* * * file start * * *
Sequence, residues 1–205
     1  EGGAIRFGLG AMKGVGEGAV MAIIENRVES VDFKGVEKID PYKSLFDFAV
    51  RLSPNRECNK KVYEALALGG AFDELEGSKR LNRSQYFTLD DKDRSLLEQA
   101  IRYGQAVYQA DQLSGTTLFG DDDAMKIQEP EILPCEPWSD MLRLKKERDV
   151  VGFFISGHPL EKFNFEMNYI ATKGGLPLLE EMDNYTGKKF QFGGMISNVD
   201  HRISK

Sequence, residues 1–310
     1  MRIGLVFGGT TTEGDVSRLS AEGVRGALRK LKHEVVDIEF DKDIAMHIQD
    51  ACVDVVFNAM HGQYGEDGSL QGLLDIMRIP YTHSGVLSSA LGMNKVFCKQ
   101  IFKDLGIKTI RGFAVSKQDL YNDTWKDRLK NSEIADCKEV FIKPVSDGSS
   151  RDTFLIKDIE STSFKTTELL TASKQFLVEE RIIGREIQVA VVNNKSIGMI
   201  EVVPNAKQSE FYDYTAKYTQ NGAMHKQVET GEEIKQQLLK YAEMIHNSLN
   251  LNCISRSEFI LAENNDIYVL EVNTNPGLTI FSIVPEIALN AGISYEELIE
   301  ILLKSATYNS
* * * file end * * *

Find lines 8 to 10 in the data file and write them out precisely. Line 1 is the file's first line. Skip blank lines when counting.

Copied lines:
     1  MRIGLVFGGT TTEGDVSRLS AEGVRGALRK LKHEVVDIEF DKDIAMHIQD
    51  ACVDVVFNAM HGQYGEDGSL QGLLDIMRIP YTHSGVLSSA LGMNKVFCKQ
   101  IFKDLGIKTI RGFAVSKQDL YNDTWKDRLK NSEIADCKEV FIKPVSDGSS